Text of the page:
Fraternal Order of Police v. United States

173 F.3d 898 (1999)

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Fraternal Order of Police v. United States

United States Court of Appeals of the District of Columbia Circuit
173 F.3d 898 (1999)

  • Written by Haley Gintis, JD

Facts

In 1996, an amendment to the Gun Control Act of 1968 was passed, which made it a crime for any person convicted of misdemeanor domestic violence to possess a firearm. However, it was not a crime for a person convicted of a domestic-violence felony to possess a firearm. Additionally, individuals who had been convicted of a domestic-violence misdemeanor could not possess a government-issued firearm. However, individuals who had been convicted of a misdemeanor not related to domestic violence could possess a government-issued firearm. The Fraternal Order of Police (FOP) (plaintiff) sued the United States (defendant), claiming that the amendment was unconstitutional. The district court granted summary judgment in favor of the United States. The decision was appealed. The court of appeals reversed. The court of appeals found that the amendment violated the Equal Protection Clause of the Fifth Amendment to the United States Constitution because there could be no rational basis for forbidding individuals who had been convicted of misdemeanor domestic violence from possessing firearms but not forbidding individuals who had been convicted of domestic-violence felonies from possessing firearms. However, the court of appeals found that the amendment did not violate the Equal Protection Clause by treating domestic-violence misdemeanants differently from other misdemeanants. The United States petitioned for a rehearing. The petition was granted.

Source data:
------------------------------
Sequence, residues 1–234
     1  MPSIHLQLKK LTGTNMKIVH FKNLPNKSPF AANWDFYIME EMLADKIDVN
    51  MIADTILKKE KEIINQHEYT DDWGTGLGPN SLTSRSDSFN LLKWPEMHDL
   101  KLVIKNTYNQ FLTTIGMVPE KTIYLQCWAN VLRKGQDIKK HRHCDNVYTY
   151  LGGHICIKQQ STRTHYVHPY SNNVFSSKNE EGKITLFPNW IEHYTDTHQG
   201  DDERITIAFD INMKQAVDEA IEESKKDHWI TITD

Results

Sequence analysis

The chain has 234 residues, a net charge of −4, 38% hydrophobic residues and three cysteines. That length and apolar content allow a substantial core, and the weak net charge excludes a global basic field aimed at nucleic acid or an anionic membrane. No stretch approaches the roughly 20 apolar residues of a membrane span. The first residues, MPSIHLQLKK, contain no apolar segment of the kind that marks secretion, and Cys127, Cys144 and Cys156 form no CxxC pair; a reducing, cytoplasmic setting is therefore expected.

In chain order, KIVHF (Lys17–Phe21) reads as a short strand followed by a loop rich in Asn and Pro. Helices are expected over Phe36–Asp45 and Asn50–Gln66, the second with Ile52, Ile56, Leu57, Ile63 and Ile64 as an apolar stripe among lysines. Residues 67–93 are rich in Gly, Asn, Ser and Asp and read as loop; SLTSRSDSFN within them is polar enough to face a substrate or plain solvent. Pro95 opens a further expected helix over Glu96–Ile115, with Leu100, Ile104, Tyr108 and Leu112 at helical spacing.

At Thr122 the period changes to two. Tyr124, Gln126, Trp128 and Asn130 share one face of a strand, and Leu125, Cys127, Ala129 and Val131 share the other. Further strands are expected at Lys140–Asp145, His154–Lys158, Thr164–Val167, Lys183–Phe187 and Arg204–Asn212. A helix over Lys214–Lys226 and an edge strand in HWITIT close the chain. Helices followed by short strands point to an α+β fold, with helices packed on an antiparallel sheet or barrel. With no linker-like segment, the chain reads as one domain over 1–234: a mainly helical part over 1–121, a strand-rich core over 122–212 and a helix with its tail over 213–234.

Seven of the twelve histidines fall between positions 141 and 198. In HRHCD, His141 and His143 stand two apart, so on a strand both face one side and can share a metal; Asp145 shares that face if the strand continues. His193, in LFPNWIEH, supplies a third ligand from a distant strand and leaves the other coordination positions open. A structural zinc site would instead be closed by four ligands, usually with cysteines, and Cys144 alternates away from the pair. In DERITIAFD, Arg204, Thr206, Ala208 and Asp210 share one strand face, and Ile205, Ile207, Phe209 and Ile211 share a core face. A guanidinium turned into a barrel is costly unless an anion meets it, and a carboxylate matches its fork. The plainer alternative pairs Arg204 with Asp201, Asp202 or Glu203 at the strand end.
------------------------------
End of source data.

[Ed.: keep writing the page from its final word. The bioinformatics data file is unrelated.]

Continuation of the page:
Rule of Law

Issue

Holding and Reasoning (Williams, J.)

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